Erdogan faces an uphill battle to win over a minority, 15-20 per cent of Turkey's 84 million population

With pre-election polls showing dwindling support for his long-ruling AK Party (AKP), President Tayyip Erdogan's poll rating has hit an all time low.

Erdogan faces an uphill battle to win over a minority, 15-20 per cent of Turkey's 84 million population, that is mostly left of centre and suspicious of the Islamist-rooted AKP's objectives after past efforts to address Alevi concerns collapsed.

According to Can Selcuki, head of Istanbul-based pollster Turkiye Raporu, “The breaking point for Erdogan supporters was the dismissal of central bank governor Naci Agbal in March triggering another sell-off in the lira.”

“People started to realize that Erdogan’s radical changes in the economy are not making things better,” he added.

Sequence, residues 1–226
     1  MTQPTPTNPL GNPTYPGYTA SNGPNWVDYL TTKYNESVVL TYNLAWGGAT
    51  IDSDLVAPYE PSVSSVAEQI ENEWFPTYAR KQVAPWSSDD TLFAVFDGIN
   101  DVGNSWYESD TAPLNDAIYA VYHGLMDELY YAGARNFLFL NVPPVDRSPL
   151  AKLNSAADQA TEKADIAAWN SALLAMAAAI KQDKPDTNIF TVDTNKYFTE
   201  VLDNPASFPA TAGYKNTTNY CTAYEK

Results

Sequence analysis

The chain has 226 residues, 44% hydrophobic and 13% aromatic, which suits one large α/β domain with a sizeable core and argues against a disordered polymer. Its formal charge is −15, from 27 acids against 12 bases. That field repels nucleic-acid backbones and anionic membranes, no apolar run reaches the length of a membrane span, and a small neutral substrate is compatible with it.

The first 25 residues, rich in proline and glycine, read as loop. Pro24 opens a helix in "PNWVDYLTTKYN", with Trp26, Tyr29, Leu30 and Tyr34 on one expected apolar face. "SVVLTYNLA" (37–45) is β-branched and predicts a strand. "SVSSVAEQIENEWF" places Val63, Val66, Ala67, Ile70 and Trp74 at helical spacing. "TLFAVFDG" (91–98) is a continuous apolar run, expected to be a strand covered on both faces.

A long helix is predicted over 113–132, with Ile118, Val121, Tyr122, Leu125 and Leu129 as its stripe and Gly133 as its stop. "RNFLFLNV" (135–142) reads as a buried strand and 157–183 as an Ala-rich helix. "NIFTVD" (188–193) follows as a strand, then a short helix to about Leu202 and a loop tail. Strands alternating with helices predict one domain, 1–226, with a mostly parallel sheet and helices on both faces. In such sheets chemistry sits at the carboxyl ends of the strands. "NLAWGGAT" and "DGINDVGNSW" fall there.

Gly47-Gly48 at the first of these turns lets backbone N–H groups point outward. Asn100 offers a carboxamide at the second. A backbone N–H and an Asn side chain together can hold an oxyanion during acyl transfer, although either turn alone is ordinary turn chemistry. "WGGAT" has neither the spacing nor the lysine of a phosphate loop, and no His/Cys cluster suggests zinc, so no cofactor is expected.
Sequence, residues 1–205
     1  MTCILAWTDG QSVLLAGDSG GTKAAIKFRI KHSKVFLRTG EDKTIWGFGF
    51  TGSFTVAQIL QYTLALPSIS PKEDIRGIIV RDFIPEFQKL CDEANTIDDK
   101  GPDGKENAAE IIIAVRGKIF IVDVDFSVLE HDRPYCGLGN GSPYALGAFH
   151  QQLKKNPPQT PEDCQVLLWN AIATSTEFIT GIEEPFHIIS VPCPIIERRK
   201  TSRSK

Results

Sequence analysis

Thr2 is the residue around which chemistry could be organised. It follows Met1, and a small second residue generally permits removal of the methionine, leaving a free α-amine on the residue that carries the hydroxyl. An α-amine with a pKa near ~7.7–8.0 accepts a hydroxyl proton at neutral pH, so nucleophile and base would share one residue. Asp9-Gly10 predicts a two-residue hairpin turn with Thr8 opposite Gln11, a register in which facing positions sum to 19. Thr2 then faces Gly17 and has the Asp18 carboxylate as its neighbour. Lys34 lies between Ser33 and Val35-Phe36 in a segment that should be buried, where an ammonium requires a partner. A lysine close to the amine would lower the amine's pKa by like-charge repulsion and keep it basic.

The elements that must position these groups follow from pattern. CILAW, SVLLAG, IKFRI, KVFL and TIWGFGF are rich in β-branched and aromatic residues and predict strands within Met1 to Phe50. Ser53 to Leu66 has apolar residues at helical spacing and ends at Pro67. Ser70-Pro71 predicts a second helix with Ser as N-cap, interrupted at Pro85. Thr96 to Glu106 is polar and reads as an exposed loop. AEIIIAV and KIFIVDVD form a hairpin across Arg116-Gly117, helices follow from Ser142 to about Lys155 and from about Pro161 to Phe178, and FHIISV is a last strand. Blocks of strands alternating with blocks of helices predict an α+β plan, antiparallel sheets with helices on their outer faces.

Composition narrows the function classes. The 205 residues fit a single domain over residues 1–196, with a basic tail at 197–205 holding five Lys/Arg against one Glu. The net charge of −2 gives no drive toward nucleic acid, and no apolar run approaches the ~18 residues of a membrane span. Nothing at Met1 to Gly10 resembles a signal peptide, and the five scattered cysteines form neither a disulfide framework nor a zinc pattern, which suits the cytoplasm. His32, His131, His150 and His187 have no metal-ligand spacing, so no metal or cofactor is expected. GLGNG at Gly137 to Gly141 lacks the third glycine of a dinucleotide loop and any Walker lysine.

The lira plunged to record lows this week after Erdogan pledged to stick with a policy of easing interest rates.

It has lost as much as 45 per cent of its value this year, with about half of those losses in the last two weeks.

Erdogan withdrew from an international treaty to combat violence against women, known as the Istanbul Convention and negotiated in Turkey's biggest city in 2011, in a move strongly criticised by Western allies.

Some Turks are struggling to buy medicines as the industry warns that stocks are shrinking after an "unsustainable" crash in the lira.

The latest lira slide exacerbated an existing problem for an industry that imported 24 billion lira ($2 billion) worth of medications last year.

Excluding undecided voters, support for the AKP is now at 27 per cent as per a survey by Metropoll. This the lowest level since the establishment of the party.

Meanwhile, it indicates that the number of undecided voters is above 15 per cent.

Metropoll's head Ozer Sencar said ''The opposition needs to convince those people that they can manage the country better, but there is still no candidate for this in sight.''